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Feds could tell you when to drive if carbon price law stands, court told

Last Updated Apr 15, 2019 at 4:12 pm EDT

A woman pumps gas in Toronto on May 10, 2011. THE CANADIAN PRESS/Nathan Denette

The federal government will end up with the power to regulate almost every facet of life – such as when you can drive or where you can live – if its law aimed at curbing harmful greenhouse gas emissions is allowed to stand, Ontario’s top court heard Monday.

The law is so broad, a lawyer for the province said on Day 1 of a four-day Appeal Court hearing, that it would give the Ottawa powers that would destabilize Canada in the name of curbing the cumulative effects of global-warming emissions.

“They could regulate where you live, how often you drive your car,” Josh Hunter told the five-justice panel. “It would unbalance the federation.”

Hunter said Ontario’s constitutional challenge to the federal Greenhouse Gas Pollution Pricing Act was not intended as a debate on the realities or dangers of global warming. What’s at stake, he said, is which level of government has the power to deal with the problem.

“Which measure is the best measure – the most efficient measure – is best left for legislatures to decide,” Hunter said. “Which legislature? That’s what we’re here to decide.”

The federal law that kicked in on April 1 imposes a charge on gasoline and other fossil fuels as well as on industrial polluters. The law applies only in provinces that have no carbon-pricing scheme that meets national standards – Ontario, Manitoba, Saskatchewan and New Brunswick.

The Liberal government, which is due to make submissions on Tuesday, insists its law is an appropriate response to the nationally important issue of climate change. The aim, the government says, is to cajole people into changing their behaviour.

The justices repeatedly pressed Hunter to explain what Ottawa should do if a province doesn’t want to tackle greenhouse gas emissions, thereby undermining other provinces.

“When you think about air pollution, the word ‘Ontario’ sort of dissolves with the air,” said Justice James MacPherson. “It’s national and international.”

Hunter agreed cross-provincial solutions were needed, just not what Ottawa has put in place.

“The effect is that you’re regulating local industries, local land use, local heating,” Hunter said.

Progressive Conservative Premier Doug Ford has said Ontario can curb greenhouse gas emissions on its own and has already taken significant steps to do so.

Those steps, Hunter told court, include shutting down coal-fired power plants – a measure taken by the previous Liberal government – which has sharply reduced the province’s harmful emissions.

“Ontario is further ahead than all the other provinces,” Hunter said. “(But) none of those (steps) count toward determining whether Ontario has a stringent plan.”

In addition, he said, the province is developing a “made in Ontario environmental plan” that is still under consideration.

Hunter also argued the law slaps a “tax” on ordinary people every time they drive to work or heat their homes. In response, the justices pointed out that Ottawa is promising to return almost all the money it collects to people in the affected provinces.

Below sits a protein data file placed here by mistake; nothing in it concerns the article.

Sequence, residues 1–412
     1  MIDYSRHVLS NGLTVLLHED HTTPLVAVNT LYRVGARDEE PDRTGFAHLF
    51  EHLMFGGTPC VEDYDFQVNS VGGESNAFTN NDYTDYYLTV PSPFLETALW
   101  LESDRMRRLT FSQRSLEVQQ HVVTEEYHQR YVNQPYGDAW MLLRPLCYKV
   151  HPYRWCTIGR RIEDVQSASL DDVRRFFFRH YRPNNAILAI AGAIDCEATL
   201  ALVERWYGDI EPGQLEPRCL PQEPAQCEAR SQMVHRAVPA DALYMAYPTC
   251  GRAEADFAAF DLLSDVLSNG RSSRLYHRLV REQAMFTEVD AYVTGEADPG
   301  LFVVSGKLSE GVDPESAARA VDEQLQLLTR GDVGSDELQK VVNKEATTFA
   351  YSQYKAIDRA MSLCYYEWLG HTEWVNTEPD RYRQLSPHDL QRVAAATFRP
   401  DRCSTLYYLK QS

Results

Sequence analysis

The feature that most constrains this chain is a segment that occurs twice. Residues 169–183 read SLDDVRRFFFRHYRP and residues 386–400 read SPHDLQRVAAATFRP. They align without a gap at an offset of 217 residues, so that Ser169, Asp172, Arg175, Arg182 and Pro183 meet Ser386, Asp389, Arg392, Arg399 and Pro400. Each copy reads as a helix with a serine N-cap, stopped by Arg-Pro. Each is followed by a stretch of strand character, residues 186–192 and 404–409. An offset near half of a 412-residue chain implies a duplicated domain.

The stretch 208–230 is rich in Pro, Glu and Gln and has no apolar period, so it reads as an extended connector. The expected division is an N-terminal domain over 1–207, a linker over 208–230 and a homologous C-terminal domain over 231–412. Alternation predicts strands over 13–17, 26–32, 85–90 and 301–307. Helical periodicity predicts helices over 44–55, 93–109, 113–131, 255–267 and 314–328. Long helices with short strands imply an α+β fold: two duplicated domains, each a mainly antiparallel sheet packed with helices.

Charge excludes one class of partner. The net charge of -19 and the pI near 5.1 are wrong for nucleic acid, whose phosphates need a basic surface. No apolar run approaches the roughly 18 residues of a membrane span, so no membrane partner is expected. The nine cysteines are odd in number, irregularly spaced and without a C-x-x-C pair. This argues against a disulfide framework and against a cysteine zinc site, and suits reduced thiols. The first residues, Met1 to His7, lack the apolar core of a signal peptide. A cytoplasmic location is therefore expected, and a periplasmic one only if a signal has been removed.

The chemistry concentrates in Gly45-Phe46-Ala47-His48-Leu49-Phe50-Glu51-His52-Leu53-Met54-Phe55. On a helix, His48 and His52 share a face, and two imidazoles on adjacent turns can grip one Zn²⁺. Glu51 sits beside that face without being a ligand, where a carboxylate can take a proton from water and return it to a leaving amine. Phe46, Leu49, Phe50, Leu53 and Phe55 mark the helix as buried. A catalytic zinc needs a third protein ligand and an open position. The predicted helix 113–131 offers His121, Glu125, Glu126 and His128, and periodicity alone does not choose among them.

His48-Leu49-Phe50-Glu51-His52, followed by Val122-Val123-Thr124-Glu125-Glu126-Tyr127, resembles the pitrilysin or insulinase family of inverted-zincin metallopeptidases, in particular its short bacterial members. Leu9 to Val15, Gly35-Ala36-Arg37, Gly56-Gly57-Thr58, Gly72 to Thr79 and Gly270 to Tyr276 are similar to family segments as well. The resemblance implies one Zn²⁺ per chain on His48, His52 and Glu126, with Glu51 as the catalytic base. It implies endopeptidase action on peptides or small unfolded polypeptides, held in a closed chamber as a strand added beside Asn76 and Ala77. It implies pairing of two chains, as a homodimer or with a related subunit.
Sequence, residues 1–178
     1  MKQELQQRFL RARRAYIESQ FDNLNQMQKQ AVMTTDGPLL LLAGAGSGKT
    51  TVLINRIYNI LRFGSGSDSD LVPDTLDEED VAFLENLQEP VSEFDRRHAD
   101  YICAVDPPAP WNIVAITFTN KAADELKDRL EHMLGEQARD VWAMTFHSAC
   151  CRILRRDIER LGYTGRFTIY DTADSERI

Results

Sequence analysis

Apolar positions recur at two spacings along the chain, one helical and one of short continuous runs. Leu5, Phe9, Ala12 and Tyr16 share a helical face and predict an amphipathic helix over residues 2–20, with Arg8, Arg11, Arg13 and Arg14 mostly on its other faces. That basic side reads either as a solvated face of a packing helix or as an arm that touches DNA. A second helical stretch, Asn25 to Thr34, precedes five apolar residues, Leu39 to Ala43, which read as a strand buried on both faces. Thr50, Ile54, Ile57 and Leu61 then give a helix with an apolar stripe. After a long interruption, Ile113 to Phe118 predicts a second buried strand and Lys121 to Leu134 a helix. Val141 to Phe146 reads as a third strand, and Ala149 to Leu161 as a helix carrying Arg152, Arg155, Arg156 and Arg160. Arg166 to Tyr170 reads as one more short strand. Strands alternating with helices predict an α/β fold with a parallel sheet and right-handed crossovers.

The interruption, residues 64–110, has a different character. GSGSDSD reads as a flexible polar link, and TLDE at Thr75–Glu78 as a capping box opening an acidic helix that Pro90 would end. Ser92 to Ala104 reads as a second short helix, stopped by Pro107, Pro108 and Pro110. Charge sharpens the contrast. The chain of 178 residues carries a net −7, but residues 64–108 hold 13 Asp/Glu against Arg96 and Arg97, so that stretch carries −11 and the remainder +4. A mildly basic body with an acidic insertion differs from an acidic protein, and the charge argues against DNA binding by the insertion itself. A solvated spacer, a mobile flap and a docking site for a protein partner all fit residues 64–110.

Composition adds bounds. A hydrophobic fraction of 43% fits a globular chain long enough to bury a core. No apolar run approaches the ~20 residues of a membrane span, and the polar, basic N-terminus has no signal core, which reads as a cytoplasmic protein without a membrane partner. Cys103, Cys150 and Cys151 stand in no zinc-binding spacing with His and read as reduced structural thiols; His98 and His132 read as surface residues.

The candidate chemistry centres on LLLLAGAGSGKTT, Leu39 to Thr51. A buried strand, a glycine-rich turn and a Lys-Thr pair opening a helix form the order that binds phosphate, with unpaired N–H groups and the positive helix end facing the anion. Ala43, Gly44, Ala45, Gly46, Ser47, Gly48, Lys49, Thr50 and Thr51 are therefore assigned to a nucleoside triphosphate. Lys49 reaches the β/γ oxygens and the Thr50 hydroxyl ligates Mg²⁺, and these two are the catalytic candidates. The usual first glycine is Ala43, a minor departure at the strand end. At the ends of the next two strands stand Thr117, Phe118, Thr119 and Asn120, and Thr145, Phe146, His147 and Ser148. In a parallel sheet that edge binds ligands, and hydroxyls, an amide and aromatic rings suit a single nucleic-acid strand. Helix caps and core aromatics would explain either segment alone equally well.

Hunter, however, said the rebates – via the federal climate action incentive – flow to everyone in the province regardless of whether they even drive, for example.

“It’s not just that you get back what you give,” he said.

Hunter’s co-counsel Padraic Ryan said even if the justices accept the law as constitutional, the charge as levied on carbon is illegal. Giving everyone a tax does not help reduce greenhouse gases, he said.

“We say it is a tax that has not been authorized,” Ryan said. “The charges imposed under the act are unconstitutional taxes.”

Fourteen interveners, including provinces such as Saskatchewan and British Columbia, Alberta Conservatives, Indigenous organizations who point out they are acutely vulnerable to global warming, as well as business and environmental groups, will get their say over the course of the hearing, which continues on Tuesday.

“It’s really unfortunate that you have the Ford government fighting climate action in court – spending $30 million in taxpayer money rather than fighting climate change,” federal Environment Minister Catherine McKenna told Breakfast Television on Monday.

“Climate change, we’ve seen the impacts. Last summer people literally died of extreme heat, we had floods, forest fires out west. And we have a report come out just a few weeks ago by scientists from Environment and Climate Change Canada talking about how climate change is accelerating, how Canada is warming at twice the international average — and more than that in the Arctic. We have to act. We know that putting a price on pollution is one of the most effective measures. Pollution doesn’t know any borders. Everyone needs to be acting, and it’s just really unfortunate.”

The federal government will make its arguments in favour of its measure at the four-day on Tuesday, while a series of interveners have their say on Wednesday.

Those interveners include provinces such as Saskatchewan and British Columbia, Alberta Conservatives, Indigenous organizations who point out they are acutely vulnerable to global warming, as well as business and environmental groups.

“We are making it no longer free to pollute because when pollution is free, you have more of it,” McKenna said.

“Pollution has huge health impacts, when the previous Liberal government phased out coal, we went from over 50 smog days to zero. We can tackle climate change, but we have to be serious about it, and it’s really about the future we want for our kids. If we don’t act now in a serious way, it’s getting worse and worse, as opposed to better.”

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